ex·​pa·​tri·​ate | \ ek-ˈspā-trē-ˌāt How to pronounce expatriate (audio) \
expatriated; expatriating

Definition of expatriate

 (Entry 1 of 3)

transitive verb

1 : banish, exile
2 : to withdraw (oneself) from residence in or allegiance to one's native country

intransitive verb

: to leave one's native country to live elsewhere also : to renounce allegiance to one's native country


ex·​pa·​tri·​ate | \ ek-ˈspā-trē-ət How to pronounce expatriate (audio) , -trē-ˌāt\

Definition of expatriate (Entry 2 of 3)

: living in a foreign land


ex·​pa·​tri·​ate | \ ek-ˈspā-trē-ˌāt How to pronounce expatriate (audio) , -ət\

Definition of expatriate (Entry 3 of 3)

: a person who lives in a foreign country Hemingway himself in The Sun Also Rises, 1926, had given the picture of the dislocated life of young English and American expatriates in the bars of Paris, the "lost generation," as Gertrude Stein defined them.— Robert Penn Warren

Keep scrolling for more

Synonyms for expatriate

Synonyms: Verb

banish, deport, displace, exile, relegate, transport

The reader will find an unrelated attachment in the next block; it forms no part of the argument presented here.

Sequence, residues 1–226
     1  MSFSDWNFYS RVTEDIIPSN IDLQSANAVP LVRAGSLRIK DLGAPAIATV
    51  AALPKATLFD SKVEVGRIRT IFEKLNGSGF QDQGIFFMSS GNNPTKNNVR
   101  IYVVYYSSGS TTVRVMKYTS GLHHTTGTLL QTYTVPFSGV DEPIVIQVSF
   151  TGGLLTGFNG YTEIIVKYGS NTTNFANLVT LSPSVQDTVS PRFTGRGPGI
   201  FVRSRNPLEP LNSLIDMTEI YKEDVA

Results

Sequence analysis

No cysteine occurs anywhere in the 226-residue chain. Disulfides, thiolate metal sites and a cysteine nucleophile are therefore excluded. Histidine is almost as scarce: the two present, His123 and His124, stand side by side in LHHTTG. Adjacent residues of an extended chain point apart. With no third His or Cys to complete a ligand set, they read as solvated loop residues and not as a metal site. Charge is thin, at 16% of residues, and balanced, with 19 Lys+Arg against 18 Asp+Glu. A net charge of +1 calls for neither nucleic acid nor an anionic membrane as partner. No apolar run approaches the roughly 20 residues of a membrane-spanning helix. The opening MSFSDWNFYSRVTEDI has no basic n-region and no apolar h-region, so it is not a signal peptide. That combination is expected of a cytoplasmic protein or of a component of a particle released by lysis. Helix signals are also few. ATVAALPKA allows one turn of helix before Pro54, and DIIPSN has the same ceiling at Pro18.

Synonyms: Noun

deportee, émigré (also emigré), evacuee, exile, expat [chiefly British], refugee

Visit the Thesaurus for More 

Examples of expatriate in a Sentence


members of the deposed dictator's once-feared political party were expatriated as well

Recent Examples on the Web: Verb

In the 2000s, anti-Chinese sentiment resulted in riots in the Solomon Islands, PNG and Tonga, where a fatal unrest prompted Beijing to send a charter plane to expatriate around 200 Chinese nationals. Julia Hollingsworth, CNN, "Why China is challenging Australia for influence over the Pacific Islands," 22 July 2019 When Mary Richards was a child, Van Lew expatriated her to Liberia, reflecting a disturbing belief shared by pro-slavery and anti-slavery whites that free blacks had no place in this country. Lois Leveen, Time, "She Was Born Into Slavery, Was a Spy and Is Celebrated as a Hero—But We're Missing the Point of the 'Mary Bowser' Story," 19 June 2019 Plus, several Manhattan chefs have expatriated to the town, so, yum. Devin Alessio, ELLE Decor, "Take A Weekend Getaway In Hudson, New York," 16 Sep. 2016 The obstacles include the precedent that the Constitution does not allow the government to expatriate Americans against their will, through a landmark 1967 case, Afroyim v. Rusk. Charlie Savage, New York Times, "Trump Calls for Revoking Flag Burners’ Citizenship. Court Rulings Forbid It.," 29 Nov. 2016

Recent Examples on the Web: Adjective